At first, it's just the front door key that disappears and later appears in unusual places. Then you stand in the supermarket and wonder about the meaning of the many colorful things. Later, the own flat suddenly becomes unknown territory. And in the end you do not even recognize the partner with whom you have lived a common life. Alzheimer's disease is the name of the relentless opponent, who is increasingly coming into the ring in industrialized countries and always wins in the end.
Alzheimer's: a form of dementia
Named after the neurologist Alois Alzheimer (1864 - 1915), the disease has been known for around 100 years. It is a form of dementia, that is, a decline of mental capacity, and usually occurs only in old age. In view of rising life expectancy, the risk of developing it is increasing - in Germany, up to 1.6 million people are currently affected by dementia, the majority of whom suffer from Alzheimer's disease.
It is estimated that around 5% of people over the age of 60 and 20% of those over eighty years old suffer from Alzheimer's disease. After the strokes, it is second only to the most common severe brain dysfunction in old age. However, rare, hereditary forms can also affect people over the age of thirty.
How does this disease develop?
Scientists still do not know all the mechanisms that lead to the disease. But you know that decades before the outbreak protein fragments deposit in the brain, called amyloids. These appear under the microscope either as typical small fibers (fibrils) or spherical formations (plaques). The deposits seem to prevent the exchange of information between the nerve cells, these die off after a while.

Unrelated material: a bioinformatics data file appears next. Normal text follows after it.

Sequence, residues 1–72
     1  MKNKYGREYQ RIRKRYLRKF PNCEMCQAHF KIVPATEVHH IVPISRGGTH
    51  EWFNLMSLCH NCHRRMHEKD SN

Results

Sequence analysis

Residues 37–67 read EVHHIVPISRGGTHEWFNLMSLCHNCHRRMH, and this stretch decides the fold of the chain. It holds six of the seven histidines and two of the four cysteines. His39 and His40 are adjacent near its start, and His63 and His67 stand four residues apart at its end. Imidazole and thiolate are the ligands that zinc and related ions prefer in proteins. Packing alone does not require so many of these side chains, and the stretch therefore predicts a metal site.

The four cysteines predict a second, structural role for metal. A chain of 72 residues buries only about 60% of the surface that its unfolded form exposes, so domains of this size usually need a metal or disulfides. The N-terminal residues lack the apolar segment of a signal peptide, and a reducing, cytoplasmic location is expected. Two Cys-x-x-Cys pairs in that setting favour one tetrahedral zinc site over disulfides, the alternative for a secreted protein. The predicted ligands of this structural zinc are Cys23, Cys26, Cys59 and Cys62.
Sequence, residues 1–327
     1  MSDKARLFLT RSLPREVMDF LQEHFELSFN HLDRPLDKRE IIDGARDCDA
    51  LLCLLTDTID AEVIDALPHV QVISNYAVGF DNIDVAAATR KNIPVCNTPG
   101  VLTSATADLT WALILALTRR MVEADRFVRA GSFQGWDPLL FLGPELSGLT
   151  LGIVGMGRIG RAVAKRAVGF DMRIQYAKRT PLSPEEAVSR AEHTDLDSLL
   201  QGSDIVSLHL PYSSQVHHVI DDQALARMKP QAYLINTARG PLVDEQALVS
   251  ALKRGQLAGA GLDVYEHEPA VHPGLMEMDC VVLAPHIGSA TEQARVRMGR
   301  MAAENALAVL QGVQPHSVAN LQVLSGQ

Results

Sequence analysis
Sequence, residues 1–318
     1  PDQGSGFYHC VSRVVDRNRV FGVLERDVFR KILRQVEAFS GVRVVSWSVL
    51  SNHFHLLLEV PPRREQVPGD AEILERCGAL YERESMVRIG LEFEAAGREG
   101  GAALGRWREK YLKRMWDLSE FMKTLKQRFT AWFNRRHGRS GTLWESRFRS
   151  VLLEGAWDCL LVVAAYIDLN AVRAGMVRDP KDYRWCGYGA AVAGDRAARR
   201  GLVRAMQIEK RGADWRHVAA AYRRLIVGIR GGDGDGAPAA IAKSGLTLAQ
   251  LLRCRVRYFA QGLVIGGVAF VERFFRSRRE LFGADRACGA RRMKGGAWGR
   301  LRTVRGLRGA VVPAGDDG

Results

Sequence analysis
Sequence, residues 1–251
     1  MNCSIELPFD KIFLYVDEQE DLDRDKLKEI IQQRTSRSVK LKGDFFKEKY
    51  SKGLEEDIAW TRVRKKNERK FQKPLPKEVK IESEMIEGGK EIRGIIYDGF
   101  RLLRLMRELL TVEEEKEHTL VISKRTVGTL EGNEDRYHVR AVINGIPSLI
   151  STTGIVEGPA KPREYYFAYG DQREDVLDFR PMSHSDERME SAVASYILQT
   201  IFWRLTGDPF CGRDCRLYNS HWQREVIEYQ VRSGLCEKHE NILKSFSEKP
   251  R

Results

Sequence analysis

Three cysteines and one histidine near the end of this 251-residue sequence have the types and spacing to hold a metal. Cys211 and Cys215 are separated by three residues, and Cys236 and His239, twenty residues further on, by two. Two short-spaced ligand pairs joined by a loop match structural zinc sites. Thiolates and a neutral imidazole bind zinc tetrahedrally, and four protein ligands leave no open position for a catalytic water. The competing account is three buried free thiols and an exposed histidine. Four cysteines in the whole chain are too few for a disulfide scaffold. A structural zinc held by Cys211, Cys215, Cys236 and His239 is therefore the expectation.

It is also known that in the rare cases where younger people are affected, the formation of amyloids in the brain due to a genetic defect starts very early. Certain gene variants increase the risk and can be determined with a blood test. However, the researchers do not yet know which triggers trigger the processes in detail and what exactly is the cause and the result.
What symptoms does the disease show?
Almost always, the disease begins with memory weakness, first of all disorders of short-term memory and concentration, later also speech disorders. The mental capacity decreases more and more, accompanied by fatigue and loss of judgment. Frequently, those affected develop depression at this stage.
Typically in the further course are behavior changes and personality disorders up to delusions. Patients are confused, anxious, restless or aggressive. They carry objects around, everyday activities such as shopping or dressing are getting worse and worse, people and objects are no longer recognized. Those affected live increasingly in the past.
In the end, they have to rely on comprehensive help, have no control over their bodily functions, can no longer speak and are often bedridden.
How is the diagnosis made?
With the utmost certainty, the disease can only be detected after the death of the patient by the typical deposits in the brain. In practice, however, it is important to diagnose the disease as early as possible, in particular to positively influence their course. The focus is on the typical medical history, usually described by the relatives.
On this basis, various studies are being carried out to exclude other physical or psychiatric disorders as the cause of dementia. These include blood tests, the ECG to assess cardiac function and a test to check lung function. In some cases, imaging techniques such as magnetic resonance imaging and computed tomography may also be indicated. Newer methods such as single-photon emission tomography (SPECT) and positron emission tomography (PET) are more informative, but extremely expensive.